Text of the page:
When my boys entered Cars Land for the first time it was like they were kids again, except that they always have been — it is just the world around them growing up fast and somewhat jaded, casting shadows into every crack of childhood and innocence that makes one forget what magic looks like. My boys stood before the neon lights of Radiator Springs, and they had magic all over their faces.
Cars Land is a brand new addition to the Disney California Adventure Park at the Disneyland Resort in Anaheim, California. It opened last week as part of the DCA Grand Reopening, something that many felt was long overdue. We were just waiting patiently.
Mine is a family of Disney fans, and as such my kids have been to Disneyland and Disney California Adventure (DCA) more often than most, something that either draws criticism or jealousy from other parents. I’m okay with that. I live in a glass house and I like to throw rocks. Judge away, other parents.
Of course, many people are indifferent to what my family and I choose to do for quality time together, but indifference does not sell pageviews. Down with indifference!
We were at DCA for a media event, something of a working vacation in which I worked and my family vacationed, but there was plenty of time for us to spend together and much of said work involved going on rides and eating, so I can’t complain. Even my kids couldn’t complain, and that’s a whole different level of special. All in all, it was a great way to write a story.
That’s something that Disney understands and a lot of other companies don’t — if you want me to write about your __________ and what my family thinks of your ________ then why not let me share it with my family and get their actual opinion? There’s logic there, don’t step in it.
But this isn’t about the savvy marketing of Disney, or even the opening of the new Cars Land (which, by the way, is FANTASTIC), it is about experiencing new things with your children and how some moments become living memories the second they begin. You don’t need a commemorative t-shirt to mark the occasion, a Facebook check-in to rub it in the noses of the world, or a dozen photos to capture it forever, but I still did all of those things because I’m like that.
We go to Disneyland Resort a lot (although to be clear, there are many people that go a lot more, and some of them don’t even work there), but over the years we have managed to maintain the magic. My boys never take the experience for granted, and that keeps me from crumbling into a cynical ball of dust and rolling whichever way the wind blows. They charge their innocence there beneath a hat of mouse ears and a cart selling churros, like little boys running on batteries they never suspect are borrowed. Their youth keeps me young and only a step behind.
When we entered the newly refurbished DCA on my oldest son’s birthday we found ourselves standing in a new place built upon familiar ground, and the mix was the best parts of excitement and comfort. No longer were we walking into an open square of too much space and not enough wonder, but rather a detailed retelling of Walt Disney’s first visit to Los Angeles, where the streets were clean and the Red Car Trolley remained unbroken by bullies and rumor. It felt like the turnstile had carried us to a better era, but without all of the social injustice that plagued it the first time around. That’s a nice touch.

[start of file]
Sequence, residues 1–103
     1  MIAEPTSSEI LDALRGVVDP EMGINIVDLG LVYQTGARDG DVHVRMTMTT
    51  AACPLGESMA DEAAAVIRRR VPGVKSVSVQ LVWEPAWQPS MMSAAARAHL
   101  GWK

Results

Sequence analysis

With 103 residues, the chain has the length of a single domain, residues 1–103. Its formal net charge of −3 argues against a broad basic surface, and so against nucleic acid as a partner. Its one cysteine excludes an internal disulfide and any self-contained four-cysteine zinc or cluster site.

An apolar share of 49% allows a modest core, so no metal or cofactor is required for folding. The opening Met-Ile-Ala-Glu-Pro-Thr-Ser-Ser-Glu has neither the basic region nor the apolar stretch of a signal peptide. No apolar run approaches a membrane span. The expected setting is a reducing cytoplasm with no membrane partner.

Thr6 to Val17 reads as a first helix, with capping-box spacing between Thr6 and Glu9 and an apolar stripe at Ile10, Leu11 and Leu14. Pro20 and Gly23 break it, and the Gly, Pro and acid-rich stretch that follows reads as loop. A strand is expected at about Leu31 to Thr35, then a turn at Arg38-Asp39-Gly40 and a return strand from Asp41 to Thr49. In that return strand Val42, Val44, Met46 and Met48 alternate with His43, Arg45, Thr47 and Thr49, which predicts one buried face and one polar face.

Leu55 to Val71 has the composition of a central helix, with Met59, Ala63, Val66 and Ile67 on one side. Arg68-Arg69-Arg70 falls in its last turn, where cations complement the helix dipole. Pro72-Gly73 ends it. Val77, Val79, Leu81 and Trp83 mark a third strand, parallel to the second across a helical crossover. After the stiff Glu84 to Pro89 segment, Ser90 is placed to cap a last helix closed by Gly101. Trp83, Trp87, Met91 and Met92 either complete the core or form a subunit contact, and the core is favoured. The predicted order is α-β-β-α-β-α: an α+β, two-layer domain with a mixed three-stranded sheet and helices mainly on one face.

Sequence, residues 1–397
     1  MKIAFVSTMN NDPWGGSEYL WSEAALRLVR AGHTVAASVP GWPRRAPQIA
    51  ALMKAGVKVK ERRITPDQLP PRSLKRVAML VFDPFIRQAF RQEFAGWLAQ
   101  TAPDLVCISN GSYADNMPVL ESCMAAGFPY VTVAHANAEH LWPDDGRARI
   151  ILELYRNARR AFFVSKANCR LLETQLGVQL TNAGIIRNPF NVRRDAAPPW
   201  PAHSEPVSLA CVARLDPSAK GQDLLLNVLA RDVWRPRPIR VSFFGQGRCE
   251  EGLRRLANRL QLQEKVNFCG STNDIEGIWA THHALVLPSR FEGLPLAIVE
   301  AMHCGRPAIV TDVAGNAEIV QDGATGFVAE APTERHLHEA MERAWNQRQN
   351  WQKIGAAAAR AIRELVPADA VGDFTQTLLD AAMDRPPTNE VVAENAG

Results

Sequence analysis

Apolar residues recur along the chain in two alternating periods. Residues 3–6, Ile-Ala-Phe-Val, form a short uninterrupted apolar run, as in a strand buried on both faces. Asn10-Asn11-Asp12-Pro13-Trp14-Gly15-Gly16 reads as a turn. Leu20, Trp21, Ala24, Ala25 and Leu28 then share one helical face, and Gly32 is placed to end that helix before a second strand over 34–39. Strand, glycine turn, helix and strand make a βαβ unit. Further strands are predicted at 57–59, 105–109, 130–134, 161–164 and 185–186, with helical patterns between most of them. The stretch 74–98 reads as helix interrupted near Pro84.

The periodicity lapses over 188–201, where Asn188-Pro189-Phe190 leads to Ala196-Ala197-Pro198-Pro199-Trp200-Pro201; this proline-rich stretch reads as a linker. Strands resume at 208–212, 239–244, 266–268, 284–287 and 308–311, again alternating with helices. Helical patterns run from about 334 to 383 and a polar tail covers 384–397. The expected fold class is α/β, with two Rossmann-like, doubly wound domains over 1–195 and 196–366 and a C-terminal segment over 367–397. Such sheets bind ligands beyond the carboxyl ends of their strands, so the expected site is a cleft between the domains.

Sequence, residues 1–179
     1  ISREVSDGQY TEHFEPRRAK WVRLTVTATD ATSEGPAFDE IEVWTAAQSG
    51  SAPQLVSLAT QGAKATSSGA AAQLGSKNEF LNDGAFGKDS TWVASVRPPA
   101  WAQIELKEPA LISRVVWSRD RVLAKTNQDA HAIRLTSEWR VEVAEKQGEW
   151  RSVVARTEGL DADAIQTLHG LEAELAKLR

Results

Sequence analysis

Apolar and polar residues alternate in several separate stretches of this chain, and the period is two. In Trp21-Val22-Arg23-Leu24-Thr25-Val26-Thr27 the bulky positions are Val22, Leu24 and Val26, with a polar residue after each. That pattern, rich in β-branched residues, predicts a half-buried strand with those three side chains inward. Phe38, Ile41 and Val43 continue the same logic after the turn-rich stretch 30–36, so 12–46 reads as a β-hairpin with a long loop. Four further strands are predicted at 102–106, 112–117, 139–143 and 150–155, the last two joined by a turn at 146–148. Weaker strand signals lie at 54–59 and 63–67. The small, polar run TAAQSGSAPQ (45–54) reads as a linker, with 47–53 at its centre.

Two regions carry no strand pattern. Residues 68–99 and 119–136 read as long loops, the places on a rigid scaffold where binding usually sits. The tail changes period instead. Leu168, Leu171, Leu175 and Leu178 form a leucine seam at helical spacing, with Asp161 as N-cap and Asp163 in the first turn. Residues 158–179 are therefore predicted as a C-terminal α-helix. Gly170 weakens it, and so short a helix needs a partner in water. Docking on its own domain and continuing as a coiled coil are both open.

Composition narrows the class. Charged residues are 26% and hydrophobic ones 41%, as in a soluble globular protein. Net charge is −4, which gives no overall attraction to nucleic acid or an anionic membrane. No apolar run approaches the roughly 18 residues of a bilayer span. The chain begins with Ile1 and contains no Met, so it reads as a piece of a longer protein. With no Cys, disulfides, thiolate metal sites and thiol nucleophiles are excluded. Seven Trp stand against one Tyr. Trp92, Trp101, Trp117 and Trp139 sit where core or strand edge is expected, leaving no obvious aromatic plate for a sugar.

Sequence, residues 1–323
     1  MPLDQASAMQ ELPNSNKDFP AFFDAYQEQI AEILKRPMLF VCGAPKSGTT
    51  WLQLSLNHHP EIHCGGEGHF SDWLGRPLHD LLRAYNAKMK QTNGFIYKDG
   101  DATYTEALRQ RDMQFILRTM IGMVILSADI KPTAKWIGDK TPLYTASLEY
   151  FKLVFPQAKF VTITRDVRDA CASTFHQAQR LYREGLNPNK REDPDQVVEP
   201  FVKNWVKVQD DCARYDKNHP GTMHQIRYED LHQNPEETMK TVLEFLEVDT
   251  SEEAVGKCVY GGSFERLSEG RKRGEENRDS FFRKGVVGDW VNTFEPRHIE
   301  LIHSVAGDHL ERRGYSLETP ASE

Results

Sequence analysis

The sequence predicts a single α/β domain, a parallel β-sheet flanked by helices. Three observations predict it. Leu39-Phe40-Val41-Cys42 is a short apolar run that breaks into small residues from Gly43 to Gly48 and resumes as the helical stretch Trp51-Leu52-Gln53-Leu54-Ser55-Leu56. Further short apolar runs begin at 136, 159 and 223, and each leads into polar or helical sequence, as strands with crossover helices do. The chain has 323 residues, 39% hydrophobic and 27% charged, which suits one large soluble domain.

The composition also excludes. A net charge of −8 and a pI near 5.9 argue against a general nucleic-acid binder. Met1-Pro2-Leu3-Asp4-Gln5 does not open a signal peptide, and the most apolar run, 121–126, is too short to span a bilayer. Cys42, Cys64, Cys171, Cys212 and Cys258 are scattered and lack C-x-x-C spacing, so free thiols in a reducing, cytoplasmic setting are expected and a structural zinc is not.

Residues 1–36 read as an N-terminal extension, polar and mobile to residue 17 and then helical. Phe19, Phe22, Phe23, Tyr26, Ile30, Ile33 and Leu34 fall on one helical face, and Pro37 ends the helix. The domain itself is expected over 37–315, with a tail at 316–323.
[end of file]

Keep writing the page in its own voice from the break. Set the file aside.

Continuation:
By then meeting John Lasseter was totally gravy.
It was only a short walk to the Cars Land entrance and we stopped there to let it soak in. The Cars town of Radiator Springs had sprung to life, and there on the blacktop of the open road raced adventure. As an added bonus it was gassed with unknown.
My boys stood there for as long as they could and stared down the road to where it bent like a Frost poem, but with more red rocks than yellow wood. And then they ran along it, never thinking to check for oncoming traffic or where the caution they threw might deem to fall. This was newness wrapped in the known and it bubbled with overheated curiosity.
We rode the new rides, ate the new food (dill pickle popcorn is much better than it sounds), and then rode the new rides again. We visited the rest of the park and rode rides without lines — rides that on a normal day, when the park was open to the ticket-buying public, would have queues of an hour. We rode them over and over again and never stood still for anything longer than to catch our breath. This too, was new.
My son said it was the best birthday ever, and his little brother agreed. It was a pretty good workday, too.
When we were getting ready for the drive back to reality I looked at my children, tired, stubborn, and filled with Disney magic. For a moment I nearly packed their happiness, but then thought to let them carry it. They tied it to a string and let it float above us.
My family and I were guests of Disney at the Disney California Adventure Park Grand Reopening. Opinions are my own.
Whit Honea can be found writing about whatever he feels like at his personal site Honea Express (Honea sounds like pony) and DadCentric. If you’re really bored you can follow him on the Twitter or Pinterest (his opinions are his own and do not reflect those of Babble or most rational people).
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